The evidence that Shakespeare was a faithful Catholic has become incontrovertible. I won’t bore you with the details. I won’t even channel my inner-Cicero and mention how I won’t mention that William’s father, the sometime mayor of Stratford-upon-Avon, resigned his post and accepted ruinous monetary fines rather than agree that the State is head of the Church. Or how his father almost certainly met St. Edmund Campion himself and signed a spiritual testament requesting a Catholic priest at time of death that was written by St. Robert Bellarmine. Or how he purchased the Blackfriar House to secure a continued safe haven for recusants. Or how his own daughter was a notorious recusant. Or how there is absolutely no record anywhere that he ever darkened the door of an Anglican prayer service. No, I won’t go through all the details here, mostly because Joseph Pearce has already masterfully done so in his book The Quest for Shakespeare.
It really is impossible to argue that the man wasn’t a faithful Catholic of the recusant variety (which is to say, he didn’t even bother to hide it). The interesting question, though, is what does it matter? Is there any reason to harp on the fact of Shakespeare’s faith other than to claim yet another literary luminary for the Church? My pride showed a little bit there in the previous sentence, but there are good reasons to keep in mind the faith of the bard. It’s simple, really, if we deny or ignore his faith, then we will never understand his art. This, the 400th year after Shakespeare’s death in 1616, is as good a time as any to lay aside the childish interpretations of his plays as the work of an atheist, a playboy, or secretly composed by Gwyneth Paltrow.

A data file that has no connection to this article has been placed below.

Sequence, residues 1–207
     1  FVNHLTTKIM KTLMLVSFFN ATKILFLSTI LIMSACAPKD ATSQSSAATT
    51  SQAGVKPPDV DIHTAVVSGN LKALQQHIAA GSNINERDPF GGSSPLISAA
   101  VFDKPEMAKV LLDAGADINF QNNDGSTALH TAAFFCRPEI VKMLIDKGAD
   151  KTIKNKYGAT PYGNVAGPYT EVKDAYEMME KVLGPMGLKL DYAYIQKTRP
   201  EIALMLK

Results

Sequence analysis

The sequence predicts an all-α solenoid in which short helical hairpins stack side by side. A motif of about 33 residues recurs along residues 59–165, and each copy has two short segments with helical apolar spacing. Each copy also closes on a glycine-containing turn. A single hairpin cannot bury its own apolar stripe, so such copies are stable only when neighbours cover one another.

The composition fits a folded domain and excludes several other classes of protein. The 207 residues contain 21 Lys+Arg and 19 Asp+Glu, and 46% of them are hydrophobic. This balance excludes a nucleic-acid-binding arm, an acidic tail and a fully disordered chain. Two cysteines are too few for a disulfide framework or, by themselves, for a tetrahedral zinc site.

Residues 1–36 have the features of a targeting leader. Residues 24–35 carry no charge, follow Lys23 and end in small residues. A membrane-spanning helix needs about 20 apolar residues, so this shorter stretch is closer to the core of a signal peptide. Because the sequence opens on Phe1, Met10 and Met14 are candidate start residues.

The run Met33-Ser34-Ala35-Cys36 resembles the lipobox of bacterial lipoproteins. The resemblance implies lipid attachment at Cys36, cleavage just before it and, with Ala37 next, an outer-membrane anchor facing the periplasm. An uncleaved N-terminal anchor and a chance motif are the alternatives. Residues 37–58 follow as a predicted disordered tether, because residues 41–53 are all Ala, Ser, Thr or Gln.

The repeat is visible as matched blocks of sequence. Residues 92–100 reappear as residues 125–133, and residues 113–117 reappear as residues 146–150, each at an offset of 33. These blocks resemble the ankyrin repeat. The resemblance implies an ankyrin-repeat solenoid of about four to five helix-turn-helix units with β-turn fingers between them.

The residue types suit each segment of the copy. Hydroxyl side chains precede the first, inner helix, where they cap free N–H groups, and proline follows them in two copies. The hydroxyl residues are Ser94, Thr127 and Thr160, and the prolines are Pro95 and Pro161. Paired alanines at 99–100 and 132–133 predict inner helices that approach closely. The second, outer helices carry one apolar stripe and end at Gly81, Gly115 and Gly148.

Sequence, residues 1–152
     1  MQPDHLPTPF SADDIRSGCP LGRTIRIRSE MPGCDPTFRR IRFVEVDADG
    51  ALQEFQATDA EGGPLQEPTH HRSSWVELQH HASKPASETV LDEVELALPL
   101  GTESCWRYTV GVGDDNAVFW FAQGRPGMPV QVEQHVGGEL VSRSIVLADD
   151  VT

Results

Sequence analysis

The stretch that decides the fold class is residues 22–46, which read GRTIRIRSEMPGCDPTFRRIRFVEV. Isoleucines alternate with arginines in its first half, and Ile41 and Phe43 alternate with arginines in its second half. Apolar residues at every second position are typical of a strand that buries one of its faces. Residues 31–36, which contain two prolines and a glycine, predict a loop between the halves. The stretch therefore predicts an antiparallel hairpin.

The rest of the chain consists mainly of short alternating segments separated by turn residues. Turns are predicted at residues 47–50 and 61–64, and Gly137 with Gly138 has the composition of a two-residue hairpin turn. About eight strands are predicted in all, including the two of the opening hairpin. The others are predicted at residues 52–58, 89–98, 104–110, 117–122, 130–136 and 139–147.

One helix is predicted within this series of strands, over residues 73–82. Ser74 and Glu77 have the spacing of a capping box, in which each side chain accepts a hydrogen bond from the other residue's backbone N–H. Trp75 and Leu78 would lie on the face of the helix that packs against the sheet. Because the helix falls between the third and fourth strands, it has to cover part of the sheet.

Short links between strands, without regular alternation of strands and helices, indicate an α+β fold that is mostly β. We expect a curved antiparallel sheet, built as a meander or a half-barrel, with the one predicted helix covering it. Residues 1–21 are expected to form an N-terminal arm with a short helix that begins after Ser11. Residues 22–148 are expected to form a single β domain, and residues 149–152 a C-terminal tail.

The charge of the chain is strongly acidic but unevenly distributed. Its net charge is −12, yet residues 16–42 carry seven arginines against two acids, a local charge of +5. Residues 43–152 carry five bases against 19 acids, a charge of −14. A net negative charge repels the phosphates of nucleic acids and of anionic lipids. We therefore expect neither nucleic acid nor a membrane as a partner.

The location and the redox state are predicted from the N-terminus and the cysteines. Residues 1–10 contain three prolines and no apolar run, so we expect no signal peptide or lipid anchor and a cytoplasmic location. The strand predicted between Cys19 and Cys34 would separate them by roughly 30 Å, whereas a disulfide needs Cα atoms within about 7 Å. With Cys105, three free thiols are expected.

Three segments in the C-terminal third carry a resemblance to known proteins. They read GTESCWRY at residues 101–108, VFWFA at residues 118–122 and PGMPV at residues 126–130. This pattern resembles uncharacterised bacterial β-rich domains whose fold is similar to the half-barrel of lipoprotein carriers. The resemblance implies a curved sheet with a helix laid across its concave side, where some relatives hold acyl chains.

I recently attended a lecture by Pearce and he mentioned a fascinating example of textual criticism, the discovery of which is only possible in the context of Shakespeare’s Catholicism. We need a tiny bit more background first.
Shakespeare had a distant cousin, the now sainted Robert Southwell. Southwell received holy orders and served the Church as a Jesuit missionary to England. Yes, Merrie England, where under Queen Elizabeth it was a capital crime to be ordained to the Catholic priesthood, where secularism was ascendant and aggressive. Like so many other martyr-priests before him, Southwell ministered to the recusant population while he could and spent the rest of his time trapped like a rat in a priest hole. Eventually, he was caught, sent to the Tower, and paid for his faith with his life, but he spent his time in prison well. In addition to being tortured for three years, he wrote poems. He wrote really, really good poems. So good, in fact, that his cousin William Shakespeare admires and constantly references them in his own work. In the meantime Southwell, one the greatest poets of the age, has faded from modern view and instead of lasting fame he received a martyr’s crown. I imagine that he is happy with the trade.
This background of Shakespeare’s faith and his admired cousin the Jesuit, once applied to his plays, offers up mind-bending insights into the depth and beauty of his work. Joseph Pearce points to this heart-rending speech, the last from King Lear, and all the credit for this reading is his alone.